For me time under tension is important, but isn't what I base my training on. I try to lift continuously heavier with good form. So that means to me lifting explosively(as possible with heavy weights ha) and controlled lowering which increases TUT and muscle breakdown.
If you are getting out the stop watch and doing 4120 or some weird tempo, get a grip and add some weight to the bar.
My initial thought as well. Everytime I think of King Tut I think of an x-ray of his mummified cat that my 3rd grade teacher showed me.
I feel like I got a better workout in when I use slow and controlled movements. But I dont think every exercise needs to have a slow TUT. An example would be I feel uncomfortable going too slow with the bench press, that is also an exercise I want to be able to put up more weight each time I do it.
Because of this I do the bench press movement with a lower TUT than I would doing flies. With Flies I like to feel the muscle squeezing. My TUT for bench press might be 10-15 seconds for 8 reps, while my fly movement might take about 30-45 seconds to complete. This way I get the best of both worlds and baby I know what its worth (sorry, excited for the oct. 22nd van halen concert.)
TUT matters, but I use a the fastest possible tempo and I base it on the number of reps I want to do. I got my best strength gains doing that. I used a slow eccentric before and it was great for size gains.
It definitely matters but so does lifting heavy. The key is to get the best out of both. I believe these two methods are very different and I have not had good results whenever I totally took heavy lifting out of my program even for a few weeks. I like to incorporate both throughout the week.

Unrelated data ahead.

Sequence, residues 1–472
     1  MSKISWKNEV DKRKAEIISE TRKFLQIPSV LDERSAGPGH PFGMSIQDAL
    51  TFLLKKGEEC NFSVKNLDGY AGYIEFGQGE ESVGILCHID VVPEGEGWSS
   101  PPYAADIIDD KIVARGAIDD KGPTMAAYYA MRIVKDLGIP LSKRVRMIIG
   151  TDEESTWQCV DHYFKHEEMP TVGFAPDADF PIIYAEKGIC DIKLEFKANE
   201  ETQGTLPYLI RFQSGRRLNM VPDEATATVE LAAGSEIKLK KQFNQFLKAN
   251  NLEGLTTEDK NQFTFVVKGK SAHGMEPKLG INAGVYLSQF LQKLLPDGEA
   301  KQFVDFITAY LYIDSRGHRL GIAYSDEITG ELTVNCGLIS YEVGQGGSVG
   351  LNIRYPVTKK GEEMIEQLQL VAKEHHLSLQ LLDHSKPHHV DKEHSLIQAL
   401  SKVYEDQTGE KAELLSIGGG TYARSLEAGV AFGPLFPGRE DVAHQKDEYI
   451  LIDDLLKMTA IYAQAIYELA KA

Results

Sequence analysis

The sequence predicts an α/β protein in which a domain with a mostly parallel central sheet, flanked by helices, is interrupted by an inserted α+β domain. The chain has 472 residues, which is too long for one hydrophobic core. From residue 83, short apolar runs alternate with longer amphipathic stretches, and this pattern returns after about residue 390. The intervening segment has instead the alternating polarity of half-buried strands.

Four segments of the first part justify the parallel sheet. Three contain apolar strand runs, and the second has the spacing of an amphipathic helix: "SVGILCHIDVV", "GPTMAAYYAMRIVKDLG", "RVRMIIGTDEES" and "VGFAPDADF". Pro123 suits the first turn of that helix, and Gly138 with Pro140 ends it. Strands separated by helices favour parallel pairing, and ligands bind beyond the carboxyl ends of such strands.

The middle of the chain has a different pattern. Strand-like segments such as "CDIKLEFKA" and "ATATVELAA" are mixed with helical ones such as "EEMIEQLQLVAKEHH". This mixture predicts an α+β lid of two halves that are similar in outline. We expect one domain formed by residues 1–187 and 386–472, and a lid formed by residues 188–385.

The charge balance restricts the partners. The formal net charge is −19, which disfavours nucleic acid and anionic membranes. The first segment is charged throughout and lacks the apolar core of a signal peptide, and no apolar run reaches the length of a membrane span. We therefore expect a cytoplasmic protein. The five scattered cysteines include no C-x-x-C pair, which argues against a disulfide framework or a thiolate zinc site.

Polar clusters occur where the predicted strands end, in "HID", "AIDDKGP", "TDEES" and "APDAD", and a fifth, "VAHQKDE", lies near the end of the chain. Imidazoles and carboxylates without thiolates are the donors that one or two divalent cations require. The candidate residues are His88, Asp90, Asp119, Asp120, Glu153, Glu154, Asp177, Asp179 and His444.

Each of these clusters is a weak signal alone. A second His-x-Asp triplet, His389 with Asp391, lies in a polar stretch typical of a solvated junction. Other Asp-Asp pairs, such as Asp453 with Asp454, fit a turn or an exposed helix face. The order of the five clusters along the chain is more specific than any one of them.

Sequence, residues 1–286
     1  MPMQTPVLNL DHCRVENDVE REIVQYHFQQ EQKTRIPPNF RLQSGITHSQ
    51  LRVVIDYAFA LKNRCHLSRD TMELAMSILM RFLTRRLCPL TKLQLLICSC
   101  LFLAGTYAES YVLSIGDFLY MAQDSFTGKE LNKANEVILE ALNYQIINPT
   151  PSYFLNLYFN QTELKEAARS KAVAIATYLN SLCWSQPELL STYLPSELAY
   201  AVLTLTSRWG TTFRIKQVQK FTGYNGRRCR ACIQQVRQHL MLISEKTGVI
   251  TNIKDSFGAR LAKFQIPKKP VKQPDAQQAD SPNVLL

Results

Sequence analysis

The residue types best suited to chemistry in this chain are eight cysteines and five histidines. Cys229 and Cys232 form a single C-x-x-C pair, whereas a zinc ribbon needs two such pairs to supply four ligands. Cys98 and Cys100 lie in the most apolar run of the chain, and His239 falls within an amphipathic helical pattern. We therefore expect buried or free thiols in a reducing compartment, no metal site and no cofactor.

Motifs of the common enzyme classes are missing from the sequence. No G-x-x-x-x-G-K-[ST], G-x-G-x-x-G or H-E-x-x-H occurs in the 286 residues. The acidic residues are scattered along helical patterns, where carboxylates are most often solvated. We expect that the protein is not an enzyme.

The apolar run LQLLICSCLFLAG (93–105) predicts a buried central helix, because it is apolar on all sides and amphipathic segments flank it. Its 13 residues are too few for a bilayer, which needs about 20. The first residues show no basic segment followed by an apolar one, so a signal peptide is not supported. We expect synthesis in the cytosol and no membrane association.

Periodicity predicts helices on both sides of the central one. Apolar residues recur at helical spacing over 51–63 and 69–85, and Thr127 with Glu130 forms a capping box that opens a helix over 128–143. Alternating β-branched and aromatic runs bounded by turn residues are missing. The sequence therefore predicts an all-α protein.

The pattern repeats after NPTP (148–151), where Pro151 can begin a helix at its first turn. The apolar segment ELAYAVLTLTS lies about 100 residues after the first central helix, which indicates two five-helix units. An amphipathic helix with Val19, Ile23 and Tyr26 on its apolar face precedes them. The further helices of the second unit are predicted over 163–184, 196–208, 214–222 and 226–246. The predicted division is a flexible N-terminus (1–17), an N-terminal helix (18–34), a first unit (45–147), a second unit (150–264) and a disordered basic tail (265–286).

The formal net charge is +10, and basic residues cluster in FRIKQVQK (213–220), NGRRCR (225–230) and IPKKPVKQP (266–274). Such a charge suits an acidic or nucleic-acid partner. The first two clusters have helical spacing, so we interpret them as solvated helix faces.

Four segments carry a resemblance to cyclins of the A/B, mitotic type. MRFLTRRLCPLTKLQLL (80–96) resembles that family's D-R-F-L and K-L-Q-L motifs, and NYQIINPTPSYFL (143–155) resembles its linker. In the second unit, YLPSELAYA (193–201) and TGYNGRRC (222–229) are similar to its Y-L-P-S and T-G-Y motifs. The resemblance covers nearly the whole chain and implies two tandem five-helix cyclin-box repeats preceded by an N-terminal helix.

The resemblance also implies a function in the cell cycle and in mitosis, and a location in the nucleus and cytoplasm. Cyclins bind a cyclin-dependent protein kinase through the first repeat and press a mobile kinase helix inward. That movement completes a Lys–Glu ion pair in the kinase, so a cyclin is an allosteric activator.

This is definitely dependent on the person though, as some people can get quite a bit of muscle from doing minimal higher TUT work, while others, myself included get very little muscle from pure heavy lifting.
Agreed. This is pretty much how I time most of my training. Explosive concentric and controlled, but not actually slow eccentric. Sometimes I'll slow it down some, especially if I don't feel I'm getting optimal recruitment somewhere. I'll be more deliberate to try n pin down where I'm missing it.
Many of the best size builders have the worst TUT relatively, and many of the worst have the highest. Nautilus machines and cable exercises have very high TUT, yet for most people they are not going to build the most mass.
Also, one could have extremely high TUT or efficient TUT using isometrics, yet not build very much of anything except strength in that particular range of motion.
TUT IMO is an example of correlation being assigned causality.